Runaway campaign spending helps fuel alarming government spending

The state Legislature’s Committee Days event, staged last week, produced plenty of hot topics. At the top of that list is a January special election measure to determine whether we fully implement a health care tax plan passed earlier this year as House Bill 2391.

The measure is designed to close the state’s Medicaid deficit by taxing hospitals and health care plans. The referendum is meant to block both taxes, but the courts have ruled it actually only covers the former.

Proponents of the 1.5 percent tax on premiums are urging a yes vote on Ballot Measure 101. But by its own admission, the intended beneficiary, the Oregon Health Authority, has been caught misspending at least $150 million.

Release of a state auditor’s report on Oregon’s Medicaid system is due out soon. That could provide even more bad optics for those trying to win voter approval of the tax measure Jan. 23.

Fiscal mismanagement by state agencies has become depressingly routine in recent years. The state Department of Energy has been a particularly persistent and egregious violator, and legislators have largely seemed to look the other way.

We blame the runaway gravy train of campaign finance, in large measure.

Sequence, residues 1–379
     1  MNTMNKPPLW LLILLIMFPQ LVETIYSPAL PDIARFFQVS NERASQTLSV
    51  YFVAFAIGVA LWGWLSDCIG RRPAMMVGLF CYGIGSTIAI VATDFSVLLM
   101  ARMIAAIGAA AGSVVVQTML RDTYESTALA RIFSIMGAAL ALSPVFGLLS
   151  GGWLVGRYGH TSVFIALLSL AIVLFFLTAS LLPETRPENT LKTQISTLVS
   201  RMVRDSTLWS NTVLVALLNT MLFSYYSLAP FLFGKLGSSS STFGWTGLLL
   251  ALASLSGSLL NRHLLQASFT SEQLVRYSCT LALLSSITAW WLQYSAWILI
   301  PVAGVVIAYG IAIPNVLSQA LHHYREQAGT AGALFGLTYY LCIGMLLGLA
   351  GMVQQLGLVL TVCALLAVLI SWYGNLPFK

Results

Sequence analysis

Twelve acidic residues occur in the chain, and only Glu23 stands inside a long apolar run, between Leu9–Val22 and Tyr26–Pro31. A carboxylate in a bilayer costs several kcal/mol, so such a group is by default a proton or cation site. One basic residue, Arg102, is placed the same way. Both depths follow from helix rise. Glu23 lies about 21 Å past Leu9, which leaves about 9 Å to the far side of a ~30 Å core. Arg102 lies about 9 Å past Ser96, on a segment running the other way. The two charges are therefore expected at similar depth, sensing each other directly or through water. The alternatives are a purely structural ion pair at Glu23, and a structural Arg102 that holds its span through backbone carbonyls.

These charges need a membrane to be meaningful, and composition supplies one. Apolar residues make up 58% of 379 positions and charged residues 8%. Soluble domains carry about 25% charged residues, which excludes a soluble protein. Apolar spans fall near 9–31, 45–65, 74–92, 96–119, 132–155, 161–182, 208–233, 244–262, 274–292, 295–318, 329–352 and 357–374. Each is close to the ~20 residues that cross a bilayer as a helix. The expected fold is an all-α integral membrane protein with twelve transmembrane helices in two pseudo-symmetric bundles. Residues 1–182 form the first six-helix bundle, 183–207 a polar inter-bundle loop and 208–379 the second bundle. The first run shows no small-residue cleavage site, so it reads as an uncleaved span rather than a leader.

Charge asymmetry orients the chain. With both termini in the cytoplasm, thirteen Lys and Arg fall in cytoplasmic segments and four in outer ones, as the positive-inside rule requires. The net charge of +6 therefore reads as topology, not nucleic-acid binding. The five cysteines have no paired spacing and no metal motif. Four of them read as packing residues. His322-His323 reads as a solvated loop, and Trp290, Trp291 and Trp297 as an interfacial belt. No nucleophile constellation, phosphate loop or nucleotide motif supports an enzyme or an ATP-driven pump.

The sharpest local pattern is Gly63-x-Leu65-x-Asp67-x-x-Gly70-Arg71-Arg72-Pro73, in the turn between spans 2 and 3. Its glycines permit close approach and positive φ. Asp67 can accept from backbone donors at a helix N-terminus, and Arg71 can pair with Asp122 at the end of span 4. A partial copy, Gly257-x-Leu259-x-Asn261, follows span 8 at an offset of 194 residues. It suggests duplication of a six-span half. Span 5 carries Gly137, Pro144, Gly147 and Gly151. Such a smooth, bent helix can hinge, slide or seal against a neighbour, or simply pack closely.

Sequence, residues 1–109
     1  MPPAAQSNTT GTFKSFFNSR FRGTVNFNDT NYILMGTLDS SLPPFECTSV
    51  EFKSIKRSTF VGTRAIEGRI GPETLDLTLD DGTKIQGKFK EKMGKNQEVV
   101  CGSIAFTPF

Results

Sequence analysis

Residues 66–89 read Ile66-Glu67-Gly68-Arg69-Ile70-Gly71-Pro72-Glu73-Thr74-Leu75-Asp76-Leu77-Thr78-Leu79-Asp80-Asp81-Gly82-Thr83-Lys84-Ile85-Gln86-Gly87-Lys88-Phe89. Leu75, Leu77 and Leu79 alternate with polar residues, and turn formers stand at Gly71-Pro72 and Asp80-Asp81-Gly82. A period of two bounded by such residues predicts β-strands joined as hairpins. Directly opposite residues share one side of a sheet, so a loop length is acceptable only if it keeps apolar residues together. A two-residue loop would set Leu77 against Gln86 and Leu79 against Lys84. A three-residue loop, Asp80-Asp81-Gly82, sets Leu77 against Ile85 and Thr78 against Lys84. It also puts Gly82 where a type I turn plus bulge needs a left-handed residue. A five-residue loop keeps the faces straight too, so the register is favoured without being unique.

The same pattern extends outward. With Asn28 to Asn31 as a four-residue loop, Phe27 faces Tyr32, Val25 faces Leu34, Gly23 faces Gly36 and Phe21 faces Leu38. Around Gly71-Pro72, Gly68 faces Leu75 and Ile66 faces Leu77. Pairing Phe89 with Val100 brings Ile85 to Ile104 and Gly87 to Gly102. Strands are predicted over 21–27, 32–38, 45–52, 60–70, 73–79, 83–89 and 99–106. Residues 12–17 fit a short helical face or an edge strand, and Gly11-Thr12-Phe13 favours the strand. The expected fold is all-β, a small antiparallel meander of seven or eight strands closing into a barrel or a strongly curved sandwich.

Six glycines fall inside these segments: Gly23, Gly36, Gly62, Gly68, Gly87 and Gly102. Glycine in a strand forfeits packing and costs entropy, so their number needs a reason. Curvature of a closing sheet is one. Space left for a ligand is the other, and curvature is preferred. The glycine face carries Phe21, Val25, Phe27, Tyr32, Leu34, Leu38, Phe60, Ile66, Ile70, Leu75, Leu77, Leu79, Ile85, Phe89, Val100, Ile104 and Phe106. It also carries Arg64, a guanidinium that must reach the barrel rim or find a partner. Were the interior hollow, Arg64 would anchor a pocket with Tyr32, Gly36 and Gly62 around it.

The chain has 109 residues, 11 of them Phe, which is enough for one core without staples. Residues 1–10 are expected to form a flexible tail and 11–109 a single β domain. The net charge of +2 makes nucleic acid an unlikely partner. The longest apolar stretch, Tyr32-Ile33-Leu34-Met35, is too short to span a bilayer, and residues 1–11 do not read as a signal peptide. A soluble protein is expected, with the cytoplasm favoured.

Unlimited campaign contributions, which fund unlimited campaign spending, falls somewhere between symbol and symptom when it comes to the state’s inability to manage money.

Oregon’s state races are some of the most expensive anywhere. In the last 20 years, the collective cost of legislative campaigns has soared from the $2 million range to $20 million, according to the National Institute on Money in State Politics. And the institute said 92 percent of 2015 and 2016 races were won by the better-funded candidate.

Last session, Rep. Mitch Greenlick, D-Portland, proposed Joint Resolution 32. It would limit entities deriving more than half their funding from public sources to $500 in annual contributions to candidates or political action committees.

Greenlick’s proposal targets PACs funded by large Medicaid earners. One example is Amity resident Jim Bunn’s Low Income Dental PAC, funded almost entirely (to the tune of $355,000 in the last two years) by Advantage Dental, a top dental Medicaid earner in the state.

Greenlick’s proposal is something we could support if it were broadened. The definition of funding from public sources should, for example, include public employee unions.

The degree of separation between tax money and union dues is a narrow one. Money flowing from the state just takes a quick U-turn on its way to campaign accounts.

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